No Fault Divorce

October 13, 2010 Updated Oct 13, 2010 at 6:38 PM EDT

By WKBW News

October 13, 2010 Updated Oct 13, 2010 at 6:38 PM EDT

The wedding day is supposed to be the start of years of marital bliss. Unfortunately for many couples, what starts out as a happy union ends up in divorce court.

New York was the last state without a 'no-fault' divorce law. Couples had to claim cruelty, abandonment, or adultery in order to split up. According to attorney Patrick C. O'Reilly at Lipsitz Green Scime Cambria LLP in Buffalo, those limited options led many couples to use extortion type techniques - such as refusing to agree to divorce terms unless they were paid more.

For poor spouses, lack of financial resources made the prospect of leaving an unhappy marriage impossible.

That's why New York State made changes to the domestic relations law. Unhappy couples can now apply for a 'no-fault' divorce. "If you can state under oath that your marriage is irretrievably broken down - in effect it is a dead marriage for the past 6 months - you are entitled to a divorce", says O'Reilly.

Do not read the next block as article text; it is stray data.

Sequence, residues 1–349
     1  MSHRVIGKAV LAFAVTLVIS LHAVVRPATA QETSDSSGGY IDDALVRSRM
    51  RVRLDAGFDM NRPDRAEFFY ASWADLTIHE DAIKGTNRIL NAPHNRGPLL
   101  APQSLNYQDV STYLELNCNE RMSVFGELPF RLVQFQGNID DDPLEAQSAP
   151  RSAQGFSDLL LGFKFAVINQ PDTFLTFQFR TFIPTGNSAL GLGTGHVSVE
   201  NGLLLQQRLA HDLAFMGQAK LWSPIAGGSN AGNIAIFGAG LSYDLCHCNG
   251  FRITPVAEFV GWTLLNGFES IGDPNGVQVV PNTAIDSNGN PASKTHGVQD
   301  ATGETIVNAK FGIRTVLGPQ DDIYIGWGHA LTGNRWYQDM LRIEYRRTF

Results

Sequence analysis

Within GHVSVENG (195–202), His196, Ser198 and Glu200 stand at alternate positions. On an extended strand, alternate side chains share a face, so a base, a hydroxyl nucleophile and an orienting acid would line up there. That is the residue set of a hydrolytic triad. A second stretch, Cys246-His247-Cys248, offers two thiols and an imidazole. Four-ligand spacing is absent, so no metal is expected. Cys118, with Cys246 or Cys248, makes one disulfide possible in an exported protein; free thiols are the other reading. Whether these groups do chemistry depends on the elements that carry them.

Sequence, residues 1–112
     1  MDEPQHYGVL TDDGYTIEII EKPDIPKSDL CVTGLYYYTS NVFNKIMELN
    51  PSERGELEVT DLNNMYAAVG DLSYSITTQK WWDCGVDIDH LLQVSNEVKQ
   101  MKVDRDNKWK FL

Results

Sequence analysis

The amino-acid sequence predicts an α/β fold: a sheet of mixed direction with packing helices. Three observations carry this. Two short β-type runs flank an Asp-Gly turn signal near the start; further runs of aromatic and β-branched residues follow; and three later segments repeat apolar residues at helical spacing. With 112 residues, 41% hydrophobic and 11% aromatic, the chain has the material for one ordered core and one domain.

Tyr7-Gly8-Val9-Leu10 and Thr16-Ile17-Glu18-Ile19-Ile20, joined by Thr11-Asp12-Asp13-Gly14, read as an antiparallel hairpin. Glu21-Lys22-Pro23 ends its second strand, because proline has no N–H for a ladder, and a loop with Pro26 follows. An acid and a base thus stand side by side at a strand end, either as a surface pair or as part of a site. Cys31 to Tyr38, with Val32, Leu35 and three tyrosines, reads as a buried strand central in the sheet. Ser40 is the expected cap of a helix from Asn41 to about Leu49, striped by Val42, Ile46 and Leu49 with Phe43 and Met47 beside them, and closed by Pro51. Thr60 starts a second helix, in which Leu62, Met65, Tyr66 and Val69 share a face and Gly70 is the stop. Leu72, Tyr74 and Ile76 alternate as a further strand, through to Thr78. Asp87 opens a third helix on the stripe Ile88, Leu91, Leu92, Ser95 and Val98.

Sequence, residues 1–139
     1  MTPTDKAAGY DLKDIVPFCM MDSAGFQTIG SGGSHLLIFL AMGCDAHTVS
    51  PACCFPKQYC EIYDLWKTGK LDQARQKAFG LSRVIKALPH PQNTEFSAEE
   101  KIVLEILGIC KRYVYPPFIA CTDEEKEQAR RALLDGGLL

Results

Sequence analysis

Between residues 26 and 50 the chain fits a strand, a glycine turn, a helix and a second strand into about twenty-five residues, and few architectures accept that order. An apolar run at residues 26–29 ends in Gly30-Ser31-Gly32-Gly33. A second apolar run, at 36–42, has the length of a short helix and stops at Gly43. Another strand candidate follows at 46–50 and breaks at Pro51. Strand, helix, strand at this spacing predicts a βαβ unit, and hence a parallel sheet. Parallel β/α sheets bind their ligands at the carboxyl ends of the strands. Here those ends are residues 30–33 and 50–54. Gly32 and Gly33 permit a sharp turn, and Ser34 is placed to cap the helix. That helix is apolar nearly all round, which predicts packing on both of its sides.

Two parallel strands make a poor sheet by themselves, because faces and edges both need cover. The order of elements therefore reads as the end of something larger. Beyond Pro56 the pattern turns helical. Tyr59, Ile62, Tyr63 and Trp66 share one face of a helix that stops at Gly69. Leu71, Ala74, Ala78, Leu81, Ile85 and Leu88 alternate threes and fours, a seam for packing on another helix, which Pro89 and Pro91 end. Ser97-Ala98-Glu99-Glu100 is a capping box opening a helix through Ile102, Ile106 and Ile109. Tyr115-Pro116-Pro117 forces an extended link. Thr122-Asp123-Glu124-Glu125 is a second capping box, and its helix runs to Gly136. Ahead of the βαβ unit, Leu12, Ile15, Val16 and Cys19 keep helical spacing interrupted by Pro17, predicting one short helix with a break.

The law took effect on October 12th.

Over seventeen -hundred people filed for divorce in Erie County this year. Now with the new changes, court officials are bracing for a flood of divorce applications. "I'm still waiting to see if the tsunami is going to come. If we are like other states, they predict we might see a double digit increase in filings", says Supervising Matrimonial Judge Janice Rosa from the 8th Judicial District.

According to Judge Rosa, the new law also provides protection for "non-money" spouses. The state legislature added these safeguards after women's groups complained that poor women would be unfairly hurt in 'no-fault' divorce cases.

"The other two changes involve orders to provide counsel fees to even the playing field in a divorce action and to provide guidelines for temporary maintenance during the court action", says Judge Rosa

Critics of 'no-fault' divorce claim that the law makes it too easy for a couple to split up. However, court officials say change was long overdue.

"I think it will make it much cheaper and much faster", says attorney Patrick O'Reilly.

"It should take us immediately to the important issues of parenting and the division of assets and support", says Supervising Matrimonial Judge Janice Rosa.